Maybe the next big company blog post will be a suggestion that the company should stop using outside companies for their advertising needs. They can create their own videos with their cell phone camera’s and post them on or maybe get them into commercial time for the 6pm news?

Maybe they do spend too much money on outside resources for slides . . . because they are not using the right company for the task. Are they hiring their PR firm or Advertising firm to do PowerPoint? Again, anyone can use Powerpoint, any graphic artist can surely come up with some decent looking slides, maybe even some pretty slides. But why hire an expensive general contractor when the job can be better accomplished by a specialist? A specialist that has honed their skills designing and developing visual images for PowerPoint for years.

 What is the cost savings to the company when a highly compensated executive take times away from his “real job” to spend hours figuring out how to make effective slides communicating important messages? What is the cost savings when the executive does not successfully communicate the important message to the group he’s presenting to? A lost sale, a lost business objective, a lost opportunity to inspire a group to innovate and drive the company forward to growth and success?

Everyone loves to hate meetings and loves even more to hate PowerPoint. They don’t really hate PowerPoint, they really hate BAD PowerPoint because it is bad PowerPoint that causes bad meetings.

The real irony of their post about not using outside slide vendors is that if they used a professional presentation graphic artist studio to help them produce some effective visuals to communicate their cost saving message, they might actually succeed in implementing their suggestion. . . but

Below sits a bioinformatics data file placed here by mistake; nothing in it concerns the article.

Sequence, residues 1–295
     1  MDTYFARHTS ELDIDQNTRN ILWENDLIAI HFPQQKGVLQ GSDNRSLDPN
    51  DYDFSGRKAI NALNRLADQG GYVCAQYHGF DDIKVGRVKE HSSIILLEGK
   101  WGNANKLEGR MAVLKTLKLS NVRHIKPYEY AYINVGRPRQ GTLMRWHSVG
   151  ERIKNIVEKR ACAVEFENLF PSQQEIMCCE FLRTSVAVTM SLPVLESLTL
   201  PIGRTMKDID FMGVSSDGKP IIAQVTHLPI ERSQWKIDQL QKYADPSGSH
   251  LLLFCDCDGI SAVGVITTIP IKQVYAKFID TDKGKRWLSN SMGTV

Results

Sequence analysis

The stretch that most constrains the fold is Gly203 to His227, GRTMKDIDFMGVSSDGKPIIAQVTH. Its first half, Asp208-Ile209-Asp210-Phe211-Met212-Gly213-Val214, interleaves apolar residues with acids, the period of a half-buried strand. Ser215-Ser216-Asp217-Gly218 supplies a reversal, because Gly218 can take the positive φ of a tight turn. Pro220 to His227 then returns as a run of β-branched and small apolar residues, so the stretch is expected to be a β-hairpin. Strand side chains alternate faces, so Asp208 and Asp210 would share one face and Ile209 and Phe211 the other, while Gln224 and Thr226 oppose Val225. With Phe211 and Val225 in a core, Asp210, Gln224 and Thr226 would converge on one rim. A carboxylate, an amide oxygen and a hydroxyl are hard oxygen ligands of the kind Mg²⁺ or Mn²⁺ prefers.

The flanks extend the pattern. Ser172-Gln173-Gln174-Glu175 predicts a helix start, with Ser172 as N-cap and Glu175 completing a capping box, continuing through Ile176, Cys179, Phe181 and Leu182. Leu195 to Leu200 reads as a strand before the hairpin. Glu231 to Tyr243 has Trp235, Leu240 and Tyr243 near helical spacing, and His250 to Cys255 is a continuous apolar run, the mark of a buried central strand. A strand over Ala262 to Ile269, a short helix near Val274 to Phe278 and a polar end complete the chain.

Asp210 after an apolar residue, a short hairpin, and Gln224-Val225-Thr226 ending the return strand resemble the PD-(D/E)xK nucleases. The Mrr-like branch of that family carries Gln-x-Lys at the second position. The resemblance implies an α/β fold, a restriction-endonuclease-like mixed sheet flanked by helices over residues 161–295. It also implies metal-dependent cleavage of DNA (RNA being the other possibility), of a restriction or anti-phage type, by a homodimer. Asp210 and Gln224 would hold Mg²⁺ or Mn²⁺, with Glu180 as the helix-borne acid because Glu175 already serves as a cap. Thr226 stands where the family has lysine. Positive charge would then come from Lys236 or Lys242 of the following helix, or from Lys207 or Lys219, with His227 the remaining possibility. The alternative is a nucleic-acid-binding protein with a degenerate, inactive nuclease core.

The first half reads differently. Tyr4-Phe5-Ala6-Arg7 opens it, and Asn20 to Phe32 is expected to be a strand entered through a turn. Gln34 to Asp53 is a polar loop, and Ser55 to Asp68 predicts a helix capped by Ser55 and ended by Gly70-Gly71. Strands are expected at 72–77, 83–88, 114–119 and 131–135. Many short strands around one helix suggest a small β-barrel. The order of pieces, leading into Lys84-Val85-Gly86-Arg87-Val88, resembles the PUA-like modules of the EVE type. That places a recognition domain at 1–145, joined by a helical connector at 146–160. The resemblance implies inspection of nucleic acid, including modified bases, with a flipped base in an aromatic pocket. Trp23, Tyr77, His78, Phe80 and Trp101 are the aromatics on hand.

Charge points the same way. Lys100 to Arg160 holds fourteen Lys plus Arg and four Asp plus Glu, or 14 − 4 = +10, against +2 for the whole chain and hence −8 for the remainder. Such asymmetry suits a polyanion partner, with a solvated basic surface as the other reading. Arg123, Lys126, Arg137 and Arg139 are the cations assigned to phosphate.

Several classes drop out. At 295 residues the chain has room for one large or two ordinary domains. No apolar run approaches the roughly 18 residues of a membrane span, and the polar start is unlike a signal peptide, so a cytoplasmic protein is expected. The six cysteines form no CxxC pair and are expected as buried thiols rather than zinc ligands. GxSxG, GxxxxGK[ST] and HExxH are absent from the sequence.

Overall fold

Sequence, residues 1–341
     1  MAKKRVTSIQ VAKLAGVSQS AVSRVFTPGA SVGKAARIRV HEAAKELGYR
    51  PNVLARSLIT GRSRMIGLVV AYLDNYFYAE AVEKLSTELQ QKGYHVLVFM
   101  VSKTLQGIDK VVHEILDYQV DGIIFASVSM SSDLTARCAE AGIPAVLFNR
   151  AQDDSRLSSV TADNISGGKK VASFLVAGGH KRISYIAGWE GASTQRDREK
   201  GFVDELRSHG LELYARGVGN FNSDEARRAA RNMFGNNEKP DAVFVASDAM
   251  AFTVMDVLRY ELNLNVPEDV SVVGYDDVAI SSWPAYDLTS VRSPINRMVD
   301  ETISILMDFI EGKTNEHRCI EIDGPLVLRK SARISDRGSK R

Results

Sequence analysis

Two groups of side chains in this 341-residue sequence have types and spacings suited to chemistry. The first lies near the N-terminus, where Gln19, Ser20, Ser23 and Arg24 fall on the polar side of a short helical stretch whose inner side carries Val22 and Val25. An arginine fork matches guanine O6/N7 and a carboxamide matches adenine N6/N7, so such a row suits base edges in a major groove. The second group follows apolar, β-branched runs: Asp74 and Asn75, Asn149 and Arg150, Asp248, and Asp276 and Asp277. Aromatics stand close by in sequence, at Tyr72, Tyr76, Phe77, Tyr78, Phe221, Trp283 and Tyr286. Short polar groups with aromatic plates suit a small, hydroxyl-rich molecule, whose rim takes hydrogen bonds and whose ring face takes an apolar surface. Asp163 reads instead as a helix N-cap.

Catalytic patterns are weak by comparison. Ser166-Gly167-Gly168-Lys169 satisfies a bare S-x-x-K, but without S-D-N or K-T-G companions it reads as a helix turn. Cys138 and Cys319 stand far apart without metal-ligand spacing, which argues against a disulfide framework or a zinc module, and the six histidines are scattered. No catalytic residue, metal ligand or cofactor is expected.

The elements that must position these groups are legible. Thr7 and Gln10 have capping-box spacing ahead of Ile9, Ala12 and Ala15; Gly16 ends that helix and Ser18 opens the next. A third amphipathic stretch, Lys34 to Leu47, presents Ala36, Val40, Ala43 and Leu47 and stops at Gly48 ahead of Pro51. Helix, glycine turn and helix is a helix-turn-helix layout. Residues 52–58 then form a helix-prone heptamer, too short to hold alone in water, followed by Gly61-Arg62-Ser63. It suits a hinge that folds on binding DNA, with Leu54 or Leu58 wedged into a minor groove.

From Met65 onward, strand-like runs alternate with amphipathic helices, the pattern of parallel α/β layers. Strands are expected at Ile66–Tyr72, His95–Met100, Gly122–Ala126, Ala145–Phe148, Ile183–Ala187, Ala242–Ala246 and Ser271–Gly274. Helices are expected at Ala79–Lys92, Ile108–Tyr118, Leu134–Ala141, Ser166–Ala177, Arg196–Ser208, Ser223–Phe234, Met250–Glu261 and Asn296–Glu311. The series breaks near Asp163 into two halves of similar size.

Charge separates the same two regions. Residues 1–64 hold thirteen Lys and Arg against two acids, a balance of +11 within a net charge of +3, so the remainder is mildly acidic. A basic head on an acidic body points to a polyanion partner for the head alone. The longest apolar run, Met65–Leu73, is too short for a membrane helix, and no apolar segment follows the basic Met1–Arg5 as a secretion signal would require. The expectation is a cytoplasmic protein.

I don’t have to worry about that.



Tele Class Can’t Cut-it

Saturday, March 15th, 2008

redphone1.jpgI participated in a one hour Tele-Class today. It was disapointing for a number of reasons. I suspect there were 25-50 participants and 2 speakers. It started off with some technical difficulties. One of the speakers had the wrong number and was not in the call at first. Then when the call was switched to record it knocked everyone off out of the call. I and others had to dial-in 3 or 4 times to get back into the call. I missed the first half of the first presenter.

I felt like it was a step back in time, like listening to an old AM radio show. There were some noise in the background including a few people who obviously did not know how to mute thier phones. I found myself watching some email coming in, then answering a few emails, and the phone call became the background.

The big problem . . . NO VISUALS. Not even some bad PPT visuals. I have to admit that I’m biased a bit (or a lot) on the value of visuals, but this is the age of YouTube and VISUALs. Show me a talking head, show me a bad PPT, but show me something.

Wow, It’s Not Easy Being a Speaker

Tuesday, February 12th, 2008

I had the honor and pleasure to be a speaker at the Small Biz Summit 2008 today. It was a great opportunity to be on the other end of the slides. It’s been a while since I was a speaker and not the speaker support person or on the speaker support team. I was speaking on a Panel on how to transform your business. The panel presented 40 tips in 40 minutes. I had 10 minutes for my 10 tips. I had ten plus weeks to prepare. I started thinking about it maybe ten weeks ago, but didn’t dive into it seriously until maybe 10 days ago. We were supposed to have the slides finalized and to the event producer 14 days ago. I’m so used to most of eSlide’s clients giving us slides for their presentation the day before they are to present, I kind of thought 14 days in advance was silly. But it wasn’t.  Read the rest of this entry »